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Emory University's Serious Communicable Diseases Program receives contract to assess elastomeric respirators in health care

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Janet Christenbury

Emory University’s Serious Communicable Diseases Program has been awarded a competitive contract by the National Institute of Occupational Safety and Health (NIOSH), a division of the Centers for Disease Control and Prevention (CDC), to assess the feasibility of elastomeric half mask respirator (EHMR) use in health care. This project is funded in kind by the National Personal Protective Technology Laboratory (NPPTL), the Office of Public Health Preparedness and Response (OPHPR), and the National Center for Immunization and Respiratory Diseases (NCIRD). 

The goal of the project, as a whole, is to assess the feasibility of rapidly deploying and training health care workers on reusable EHMRs in case of a respiratory pathogen pandemic event. From this, Emory University and the other selected health care centers, Wayne State University and the University of Texas, Houston, will collaborate with NIOSH to develop a blueprint for health care systems across the country.

The assessment will include a series of three adaptive and practical protocols. A multicenter clinical trial, “Just-in-time Elastomeric Training and Fit Testing (JET FIT),” will evaluate reusable respirator rapid conversion fit testing and user competency during a simulated public health emergency. One-hundred health care providers (nurses, nurse practitioners, physicians, physician assistants) from Emory Healthcare will train the on use of the new mask during the clinical trial. This study will be followed by laboratory and field protocols assessing disinfection methods and routine use considerations.

Colleen Kraft, MD, is principal investigator on the contract. She is an associate professor of pathology and laboratory medicine and infectious diseases at Emory University School of Medicine and associate medical director of the Serious Communicable Diseases Program.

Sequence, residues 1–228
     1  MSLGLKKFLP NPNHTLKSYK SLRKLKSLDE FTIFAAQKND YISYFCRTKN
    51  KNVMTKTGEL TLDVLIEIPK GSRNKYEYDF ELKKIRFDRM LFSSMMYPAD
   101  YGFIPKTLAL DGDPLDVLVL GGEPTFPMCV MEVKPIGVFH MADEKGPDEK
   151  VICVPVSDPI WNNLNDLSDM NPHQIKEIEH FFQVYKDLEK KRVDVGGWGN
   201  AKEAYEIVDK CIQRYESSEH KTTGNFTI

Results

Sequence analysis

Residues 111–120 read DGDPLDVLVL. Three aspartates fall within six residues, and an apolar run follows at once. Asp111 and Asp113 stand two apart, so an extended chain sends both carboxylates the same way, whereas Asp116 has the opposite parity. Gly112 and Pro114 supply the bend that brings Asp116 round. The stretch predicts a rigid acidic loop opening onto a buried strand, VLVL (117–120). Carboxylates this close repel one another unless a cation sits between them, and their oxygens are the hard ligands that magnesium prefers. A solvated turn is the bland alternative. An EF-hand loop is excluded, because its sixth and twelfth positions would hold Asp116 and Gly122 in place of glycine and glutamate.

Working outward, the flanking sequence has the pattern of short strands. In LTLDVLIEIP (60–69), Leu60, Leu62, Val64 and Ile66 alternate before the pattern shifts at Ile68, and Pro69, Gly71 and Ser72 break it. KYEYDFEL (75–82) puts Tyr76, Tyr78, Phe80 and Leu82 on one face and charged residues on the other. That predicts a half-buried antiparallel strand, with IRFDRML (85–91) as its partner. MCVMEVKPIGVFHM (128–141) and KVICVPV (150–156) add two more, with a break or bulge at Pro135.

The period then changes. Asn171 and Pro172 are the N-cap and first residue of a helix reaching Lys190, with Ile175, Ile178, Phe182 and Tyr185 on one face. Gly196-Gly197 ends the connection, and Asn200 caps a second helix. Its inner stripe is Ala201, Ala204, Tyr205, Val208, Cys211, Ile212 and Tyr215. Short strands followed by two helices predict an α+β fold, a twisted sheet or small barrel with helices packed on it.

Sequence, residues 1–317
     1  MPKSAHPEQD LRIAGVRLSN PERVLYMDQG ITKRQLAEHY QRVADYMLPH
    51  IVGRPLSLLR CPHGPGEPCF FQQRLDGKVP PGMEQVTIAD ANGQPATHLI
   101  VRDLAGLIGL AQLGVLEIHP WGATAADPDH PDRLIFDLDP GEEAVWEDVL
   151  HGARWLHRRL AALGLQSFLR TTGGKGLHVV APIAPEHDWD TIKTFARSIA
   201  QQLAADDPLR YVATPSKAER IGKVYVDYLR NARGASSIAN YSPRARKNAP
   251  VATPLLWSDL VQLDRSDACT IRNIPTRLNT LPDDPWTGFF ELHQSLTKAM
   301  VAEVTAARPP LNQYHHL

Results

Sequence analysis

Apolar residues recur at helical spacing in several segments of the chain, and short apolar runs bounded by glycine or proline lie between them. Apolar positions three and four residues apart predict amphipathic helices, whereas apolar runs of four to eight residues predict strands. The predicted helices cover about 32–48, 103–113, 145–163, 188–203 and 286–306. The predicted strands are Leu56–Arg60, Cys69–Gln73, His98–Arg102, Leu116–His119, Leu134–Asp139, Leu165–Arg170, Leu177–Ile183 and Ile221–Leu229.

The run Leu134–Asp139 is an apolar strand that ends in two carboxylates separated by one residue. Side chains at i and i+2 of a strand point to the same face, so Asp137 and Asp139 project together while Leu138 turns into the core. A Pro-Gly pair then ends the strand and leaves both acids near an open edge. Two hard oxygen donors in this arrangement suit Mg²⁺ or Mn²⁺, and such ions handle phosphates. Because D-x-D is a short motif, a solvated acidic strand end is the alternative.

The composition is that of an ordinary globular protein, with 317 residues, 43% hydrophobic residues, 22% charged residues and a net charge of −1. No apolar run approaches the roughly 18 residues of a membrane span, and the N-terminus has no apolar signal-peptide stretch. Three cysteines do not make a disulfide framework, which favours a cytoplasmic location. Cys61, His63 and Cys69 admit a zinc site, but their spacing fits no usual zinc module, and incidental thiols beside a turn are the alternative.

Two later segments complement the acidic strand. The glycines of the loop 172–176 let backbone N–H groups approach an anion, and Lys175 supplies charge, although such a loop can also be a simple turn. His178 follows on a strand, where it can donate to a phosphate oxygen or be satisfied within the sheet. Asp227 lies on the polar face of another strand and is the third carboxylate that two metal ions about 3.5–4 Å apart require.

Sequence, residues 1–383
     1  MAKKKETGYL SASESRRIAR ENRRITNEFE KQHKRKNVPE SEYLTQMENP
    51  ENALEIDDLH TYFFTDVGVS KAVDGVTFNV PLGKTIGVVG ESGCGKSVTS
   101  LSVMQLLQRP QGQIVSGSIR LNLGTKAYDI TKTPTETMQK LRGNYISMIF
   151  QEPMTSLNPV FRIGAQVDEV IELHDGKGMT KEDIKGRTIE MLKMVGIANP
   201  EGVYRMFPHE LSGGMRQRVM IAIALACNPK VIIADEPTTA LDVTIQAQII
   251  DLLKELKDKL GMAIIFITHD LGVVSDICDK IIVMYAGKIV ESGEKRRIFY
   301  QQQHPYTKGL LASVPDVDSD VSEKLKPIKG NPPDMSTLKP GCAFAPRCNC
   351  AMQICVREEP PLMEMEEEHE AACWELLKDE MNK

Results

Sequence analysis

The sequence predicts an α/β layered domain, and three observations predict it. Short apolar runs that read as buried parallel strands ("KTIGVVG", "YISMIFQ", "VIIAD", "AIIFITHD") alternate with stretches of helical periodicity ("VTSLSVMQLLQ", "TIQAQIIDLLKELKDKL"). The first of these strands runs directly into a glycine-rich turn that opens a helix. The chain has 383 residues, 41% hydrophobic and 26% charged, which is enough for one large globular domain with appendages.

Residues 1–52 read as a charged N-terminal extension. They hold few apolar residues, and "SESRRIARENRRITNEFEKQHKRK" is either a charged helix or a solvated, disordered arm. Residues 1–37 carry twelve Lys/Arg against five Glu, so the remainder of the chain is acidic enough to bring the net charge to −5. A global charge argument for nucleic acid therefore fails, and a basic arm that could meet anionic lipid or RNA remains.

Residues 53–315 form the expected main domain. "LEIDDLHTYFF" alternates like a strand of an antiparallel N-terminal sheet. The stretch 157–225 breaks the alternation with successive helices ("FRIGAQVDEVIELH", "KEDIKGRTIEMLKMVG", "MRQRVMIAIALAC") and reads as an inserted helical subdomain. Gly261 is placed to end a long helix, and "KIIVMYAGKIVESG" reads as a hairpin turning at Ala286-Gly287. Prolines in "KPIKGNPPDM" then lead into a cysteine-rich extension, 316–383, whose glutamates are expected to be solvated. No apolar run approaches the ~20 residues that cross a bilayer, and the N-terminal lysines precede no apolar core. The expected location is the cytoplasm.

“We learned many lessons from caring for our patients with Ebola virus disease during the 2014 outbreak,” says Kraft. “Our strategic partnership with NIOSH allows us to translate that experience into actionable research that enhances health care worker and patient safety through testing, validating and innovating health care practice.”

Kraft goes on to say, “The findings from this project will not just change the way Emory approaches pandemic preparedness and health care worker safety in airborne isolation settings, but also will provide vital insights and guidance to make the country’s hospitals better prepared.”

Sufficient availability of respiratory protection devices, such as the ubiquitous disposable N95 mask, are crucial for mitigating the spread of airborne diseases and keeping health care workers safe. Reliance on the N95 has led to local and regional shortages during the Severe Acute Respiratory Syndrome (SARS) outbreak in 2003, and the H1N1 influenza pandemic in 2009. Even during many regular flu seasons, the U.S. has faced disposable protective equipment supply shortages.

“Given the supply constraints and cost of stockpiling, adding more tools to keep health care workers safe in these situations is imperative,” says Erik Brownsword, MPP, the project manager working alongside Kraft at Emory. “We hope this is just the beginning of practice and technological innovation in this area. It is impossible to be over-prepared.”

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